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Few markets have seen changes to their TV landscape of late the way Evansville, Ind., has. The wheels went into motion in May, when Fox announced it was partnering with ComCorp’s WEVV to launch Fox on the CBS affiliate’s subchannel July 1, leaving Nexstar’s WTVW without an affiliation.
Then in late June, WTVW revealed it was going fully independent on July 1 as Local 7, the name “reflecting our commitment to quality programming and advertising solutions,” according to Mike Smith, the station’s VP/general manager.
Then things got weirder. On Aug. 8, Nexstar announced its intention to acquire ABC affiliate WEHT for $18.5 million from Gilmore Broadcasting, while divesting WTVW to Mission Broadcasting, which Nexstar has a management relationship with.
Got all that straight? If not, you may not be alone. Evansville television insiders say the July sweeps saw a steep ratings drop for Fox at its new home, compared to being a primary channel the previous summer. But Tim Black, WEVV general manager, says viewers are finding “Fox44” following an intense marketing campaign on-air, outdoors, on radio and, to a lesser degree, in print. “The transition was smooth as can be for viewers,” Black says. “We were pleasantly surprised to see the numbers we did get. We anticipate nothing but increases in November.”
WFIE and WEHT split the total-day household ratings crown in last May’s sweeps. WEHT and WTVW were virtually tied for primetime honors, while WFIE won morning, early evening and late news—the latter with a 10 rating/ 21 share, ahead of WEHT’s 8/18.
WFIE led the pack with $12 million in revenue last year, according to BIA/Kelsey, ahead of WEHT’s $7.5 million and WTVW’s $7.3 million.
Amidst all the shaking up, WFIE has stayed strong—and it may get stronger. Raycom’s NBC affiliate is a consistent place for viewers in DMA No. 104 to turn for news, information and entertainment. “I think it’s an advantage for us until all the dust settles,” says Nick Ulmer, WFIE VP/general manager. “There seems to be some confusion with advertisers about what happened.”
WEVV’s subchannel airs Fox from 7 to 9 p.m. and MyNetworkTV from 9 to 11. Fox44 does not air local news. Rivals say Dish Network does not currently carry the channel, meaning some 16% of the market does not receive Fox44. [Editor's Note: WEVV worked out a carriage deal for Fox44 with Dish after presstime.]
But Black says a CBS-Fox duopoly is ideal, reaching both sides of the demographic scale and essentially hogging the football this time of year. “For sports in general, CBS-Fox is pretty much the place to be,” he says.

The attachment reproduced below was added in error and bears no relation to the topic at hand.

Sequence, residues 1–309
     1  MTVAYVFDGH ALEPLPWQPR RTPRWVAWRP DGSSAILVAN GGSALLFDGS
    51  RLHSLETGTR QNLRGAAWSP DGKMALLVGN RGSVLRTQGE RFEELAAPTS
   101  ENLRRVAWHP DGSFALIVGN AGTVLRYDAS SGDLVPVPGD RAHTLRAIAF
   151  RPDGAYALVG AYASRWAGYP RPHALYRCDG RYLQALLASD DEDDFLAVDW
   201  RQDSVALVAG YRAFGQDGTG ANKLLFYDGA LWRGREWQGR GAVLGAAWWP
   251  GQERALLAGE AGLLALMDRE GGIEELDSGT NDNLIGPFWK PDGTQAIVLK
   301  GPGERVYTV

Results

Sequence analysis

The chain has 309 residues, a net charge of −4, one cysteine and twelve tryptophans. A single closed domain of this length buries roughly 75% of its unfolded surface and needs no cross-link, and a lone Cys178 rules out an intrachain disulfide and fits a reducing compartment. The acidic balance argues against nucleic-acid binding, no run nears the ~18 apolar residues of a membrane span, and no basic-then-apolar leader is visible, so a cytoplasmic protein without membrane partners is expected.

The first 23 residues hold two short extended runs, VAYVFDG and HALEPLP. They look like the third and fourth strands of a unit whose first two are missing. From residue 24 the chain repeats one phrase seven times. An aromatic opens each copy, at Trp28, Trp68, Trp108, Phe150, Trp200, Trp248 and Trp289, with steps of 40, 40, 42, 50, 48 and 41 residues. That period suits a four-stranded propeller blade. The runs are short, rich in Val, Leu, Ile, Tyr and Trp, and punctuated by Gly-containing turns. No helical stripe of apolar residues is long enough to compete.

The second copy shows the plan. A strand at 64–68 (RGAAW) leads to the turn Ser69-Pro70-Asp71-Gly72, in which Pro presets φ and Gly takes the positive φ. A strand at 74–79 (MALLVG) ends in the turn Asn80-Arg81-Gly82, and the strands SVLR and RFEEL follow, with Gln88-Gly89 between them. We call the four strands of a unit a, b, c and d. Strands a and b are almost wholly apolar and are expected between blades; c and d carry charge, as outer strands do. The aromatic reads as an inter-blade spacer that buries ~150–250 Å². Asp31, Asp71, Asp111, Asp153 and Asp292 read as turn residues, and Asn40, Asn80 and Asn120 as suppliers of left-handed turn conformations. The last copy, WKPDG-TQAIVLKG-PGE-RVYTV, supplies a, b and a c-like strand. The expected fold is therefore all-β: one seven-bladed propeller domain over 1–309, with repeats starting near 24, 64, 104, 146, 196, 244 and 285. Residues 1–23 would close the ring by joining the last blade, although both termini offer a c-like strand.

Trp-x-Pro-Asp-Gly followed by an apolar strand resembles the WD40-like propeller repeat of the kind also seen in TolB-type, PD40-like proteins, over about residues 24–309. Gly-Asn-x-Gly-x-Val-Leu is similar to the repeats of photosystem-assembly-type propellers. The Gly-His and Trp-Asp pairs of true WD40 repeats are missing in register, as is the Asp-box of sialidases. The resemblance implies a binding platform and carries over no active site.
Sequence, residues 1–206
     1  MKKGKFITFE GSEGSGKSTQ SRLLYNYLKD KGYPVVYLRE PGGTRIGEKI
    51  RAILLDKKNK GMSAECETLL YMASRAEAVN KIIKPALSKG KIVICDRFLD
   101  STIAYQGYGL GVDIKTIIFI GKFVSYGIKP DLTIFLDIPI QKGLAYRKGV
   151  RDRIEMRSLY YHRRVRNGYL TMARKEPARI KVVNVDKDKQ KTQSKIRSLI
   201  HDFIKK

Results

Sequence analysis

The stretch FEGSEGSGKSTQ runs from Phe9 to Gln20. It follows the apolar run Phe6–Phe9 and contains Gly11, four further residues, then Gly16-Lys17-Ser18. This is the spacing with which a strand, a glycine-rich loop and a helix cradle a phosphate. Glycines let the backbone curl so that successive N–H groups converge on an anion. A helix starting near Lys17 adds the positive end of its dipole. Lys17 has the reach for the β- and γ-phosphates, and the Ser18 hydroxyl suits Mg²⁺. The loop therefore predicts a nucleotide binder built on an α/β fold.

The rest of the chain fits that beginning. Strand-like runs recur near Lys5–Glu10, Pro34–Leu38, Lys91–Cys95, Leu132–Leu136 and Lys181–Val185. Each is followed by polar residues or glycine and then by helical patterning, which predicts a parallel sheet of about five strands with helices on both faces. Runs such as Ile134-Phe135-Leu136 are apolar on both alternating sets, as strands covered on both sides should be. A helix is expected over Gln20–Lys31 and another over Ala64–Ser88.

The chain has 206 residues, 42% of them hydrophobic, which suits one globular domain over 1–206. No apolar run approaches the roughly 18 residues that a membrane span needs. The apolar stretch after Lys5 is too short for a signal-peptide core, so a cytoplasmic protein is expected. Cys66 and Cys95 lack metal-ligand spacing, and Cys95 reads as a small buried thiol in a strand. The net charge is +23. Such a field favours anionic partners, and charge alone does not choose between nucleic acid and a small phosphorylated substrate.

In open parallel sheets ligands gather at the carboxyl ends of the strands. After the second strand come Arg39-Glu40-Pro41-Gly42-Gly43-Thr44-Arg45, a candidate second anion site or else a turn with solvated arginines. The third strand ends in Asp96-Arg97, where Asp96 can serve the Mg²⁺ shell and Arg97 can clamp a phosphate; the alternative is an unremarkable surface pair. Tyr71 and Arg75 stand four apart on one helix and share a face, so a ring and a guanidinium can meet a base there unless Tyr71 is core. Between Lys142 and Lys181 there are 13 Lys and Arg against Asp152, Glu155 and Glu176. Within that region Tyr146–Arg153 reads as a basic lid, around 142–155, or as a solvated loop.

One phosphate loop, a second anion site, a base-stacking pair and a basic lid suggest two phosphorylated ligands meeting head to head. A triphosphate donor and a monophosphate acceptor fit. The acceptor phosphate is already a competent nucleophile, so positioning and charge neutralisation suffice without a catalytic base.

It appears certain that WEHT and WTVW will move into the same building, but management at both stations is not confirming. WEHT management referred calls to Nexstar co-COO Tim Busch, who did not call back. The Evansville Courier & Press reported that Busch and Nexstar President/CEO Perry Sook were in town in late August to work out moving both staffs into WEHT’s digs. The paper also said staffers are reapplying for their positions.
WTVW’s new approach includes a fourth hour of morning news, an expansion to its Saturday 6 p.m. program, and the debut of a Sunday 6 p.m. newscast. The station’s new primetime includes Inside Edition, The Insider and a double-run of Big Bang Theory.
WEHT shows “News 25 Sports Channel” on its .2, a mix of Kentucky school sports network Wazoo Sports and local Evansville games. The channel celebrated its first anniversary in August.
WFIE introduced a 4 p.m. newscast last September, taking the place of Oprah Winfrey. The station’s call letters stand for “We’re First In Evansville,” and it’s a mission statement: Ulmer, who succeeded Debbie Bush atop the station in June 2010 after 27 years at WAVE Louisville, says the station was first on the air back in 1953, first with color broadcasts and, most recently, fi rst with local HD: WFIE flipped the switch last July. “As corny as it sounds, we continue the tradition of being first in everything,” Ulmer says. “We invest a lot of time, talent and money to make sure we’re delivering superior newscasts, and we think it shows.”
The region is known as the Tri-State; around half of the viewership lives in southwestern Indiana, approximately 41% is in Kentucky, and some 7% is in Illinois. Insight is the primary subscription TV operator, followed by Wow!
BIA ranked Evansville a lagging No. 113 in terms of revenue last year. Appliance giant Whirlpool shuttered a manufacturing facility in 2010 (“that hurt,” says Ulmer), but general managers say business is picking up. Alcoa and Berry Plastics are significant employers, and Toyota manufactures its Sequoia, Sienna and Highlander models in the market. “Things are relatively good, compared to other parts of the country,” says Black.
Residents are eagerly awaiting the grand opening of the Ford Center arena; Bob Seger and the Silver Bullet Band are scheduled to rock opening night Nov. 9. “We need to develop the downtown area, and hopefully the arena is a shot in the arm,” says Ulmer.
The various affiliation switches may end up being a shot in the arm to Evansville television, but WFIE is not relinquishing its stronghold anytime soon. “The people who were here before me deserve a lot of credit,” says Ulmer. “My challenge is to make sure we don’t lose ground.”
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